Singapore's GIC, one of the biggest sovereign wealth funds, warned on Monday the world could be facing its worst recession in 30 years and that financial markets would be highly volatile.
US banks continue in turmoil reporting lower profits, write-downs and hunting for fresh funds Bank of America reported a 77% drop in profits in the first three months of 2008, hit by trading losses and a 6 billion write-down to cover bad loans. National City Corporation from the Midwest admitted it was looking for 7 billion US dollars.
Britain's second largest bank, Royal Bank of Scotland, is to ask shareholders for about £10 billion of extra cash to improve its financial position, reports BBC.
New York based Citigroup has suffered a second massive loss and is cutting 9,000 jobs as the credit crisis continues to take its toll on the biggest US bank.
The Spanish tourism operator Marsans which has a majority stake in Aerolineas Argentinas announced in Buenos Aires the intention of making the flag air carrier ever more Argentine, and simultaneously taking advantage of the expertise and opportunities the Spanish group can offer.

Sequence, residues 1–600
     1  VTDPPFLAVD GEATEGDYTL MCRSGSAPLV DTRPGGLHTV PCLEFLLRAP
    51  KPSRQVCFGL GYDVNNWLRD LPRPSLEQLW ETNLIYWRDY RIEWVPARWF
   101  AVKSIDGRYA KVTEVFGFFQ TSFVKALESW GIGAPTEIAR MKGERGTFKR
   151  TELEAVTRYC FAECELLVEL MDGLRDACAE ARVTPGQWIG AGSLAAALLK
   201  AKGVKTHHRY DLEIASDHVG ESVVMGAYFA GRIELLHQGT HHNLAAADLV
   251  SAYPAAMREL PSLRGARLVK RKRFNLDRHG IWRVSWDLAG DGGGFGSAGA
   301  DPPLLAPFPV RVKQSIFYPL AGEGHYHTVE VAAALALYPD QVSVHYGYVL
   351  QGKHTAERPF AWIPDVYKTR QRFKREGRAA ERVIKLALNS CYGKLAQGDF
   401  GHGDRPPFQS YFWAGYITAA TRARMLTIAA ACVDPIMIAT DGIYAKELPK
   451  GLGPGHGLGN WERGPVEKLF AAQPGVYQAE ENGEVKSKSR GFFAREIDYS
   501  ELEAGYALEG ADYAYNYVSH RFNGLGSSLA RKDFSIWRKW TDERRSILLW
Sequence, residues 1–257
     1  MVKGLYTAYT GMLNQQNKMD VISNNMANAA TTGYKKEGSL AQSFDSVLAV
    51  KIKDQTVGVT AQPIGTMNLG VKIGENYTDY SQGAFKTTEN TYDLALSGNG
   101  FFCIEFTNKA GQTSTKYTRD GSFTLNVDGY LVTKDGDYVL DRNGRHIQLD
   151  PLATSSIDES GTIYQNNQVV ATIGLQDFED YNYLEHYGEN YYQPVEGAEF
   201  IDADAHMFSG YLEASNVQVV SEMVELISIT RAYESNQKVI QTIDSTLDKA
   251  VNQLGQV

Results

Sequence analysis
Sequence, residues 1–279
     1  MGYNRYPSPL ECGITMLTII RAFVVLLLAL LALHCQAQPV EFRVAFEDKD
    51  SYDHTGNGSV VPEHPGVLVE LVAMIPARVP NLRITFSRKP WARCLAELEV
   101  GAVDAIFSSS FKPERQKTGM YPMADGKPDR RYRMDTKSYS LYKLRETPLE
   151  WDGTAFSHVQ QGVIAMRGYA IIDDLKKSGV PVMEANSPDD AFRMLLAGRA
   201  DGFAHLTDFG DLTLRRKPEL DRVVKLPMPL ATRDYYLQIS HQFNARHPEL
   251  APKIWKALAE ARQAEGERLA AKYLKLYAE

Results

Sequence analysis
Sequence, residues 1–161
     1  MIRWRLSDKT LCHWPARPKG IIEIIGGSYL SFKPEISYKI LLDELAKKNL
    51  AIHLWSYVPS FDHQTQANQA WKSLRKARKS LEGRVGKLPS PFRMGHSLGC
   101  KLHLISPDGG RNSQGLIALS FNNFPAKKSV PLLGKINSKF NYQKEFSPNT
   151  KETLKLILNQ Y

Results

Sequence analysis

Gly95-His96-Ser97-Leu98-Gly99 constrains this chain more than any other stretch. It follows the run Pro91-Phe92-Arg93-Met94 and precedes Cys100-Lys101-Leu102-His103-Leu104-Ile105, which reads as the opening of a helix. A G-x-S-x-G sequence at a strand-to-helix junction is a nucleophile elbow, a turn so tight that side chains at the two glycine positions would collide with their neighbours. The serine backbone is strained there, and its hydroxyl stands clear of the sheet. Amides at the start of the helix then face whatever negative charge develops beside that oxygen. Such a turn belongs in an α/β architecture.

Inflation expectations among Argentine consumers for the next twelve months reached 32.8%, the worst since the strong recovery of the country's economy begun in 2002/03, according to the monthly report from the Di Tella University released Wednesday.
The governments of Latin America must act to prevent high global food prices from increasing malnutrition in the region, officials from the UN Food and Agriculture Organization warned this week in Brasilia.
China overtook United States as the world's second exporter of goods in 2007, while Germany remains top of the ranking according to the latest data from the World Trade Organization, WYO.
Merrill Lynch posted its third straight quarterly loss, its first of 2008, after more write-downs linked to the embattled credit markets. The world's largest brokerage lost 6.5 billion US dollars in write downs on subprime mortgages and other risky assets.
Brazil's president Luiz Inacio Lula da Silva made an impassioned defense of bio-fuels rejecting that they are responsible for the recent rise in global food prices during the opening ceremony of a United Nations Food and Agriculture Organization, FAO, conference in Brasilia.